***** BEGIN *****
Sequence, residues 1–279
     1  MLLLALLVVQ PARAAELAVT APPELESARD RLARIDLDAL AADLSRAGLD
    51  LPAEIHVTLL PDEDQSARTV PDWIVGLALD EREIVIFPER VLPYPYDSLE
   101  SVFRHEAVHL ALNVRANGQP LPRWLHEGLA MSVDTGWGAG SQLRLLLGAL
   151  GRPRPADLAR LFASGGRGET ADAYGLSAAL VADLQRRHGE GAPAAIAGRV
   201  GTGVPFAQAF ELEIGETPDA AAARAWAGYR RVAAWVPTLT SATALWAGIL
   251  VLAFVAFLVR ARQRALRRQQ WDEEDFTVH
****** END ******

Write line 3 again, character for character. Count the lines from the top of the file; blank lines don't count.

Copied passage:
    51  LPAEIHVTLL PDEDQSARTV PDWIVGLALD EREIVIFPER VLPYPYDSLE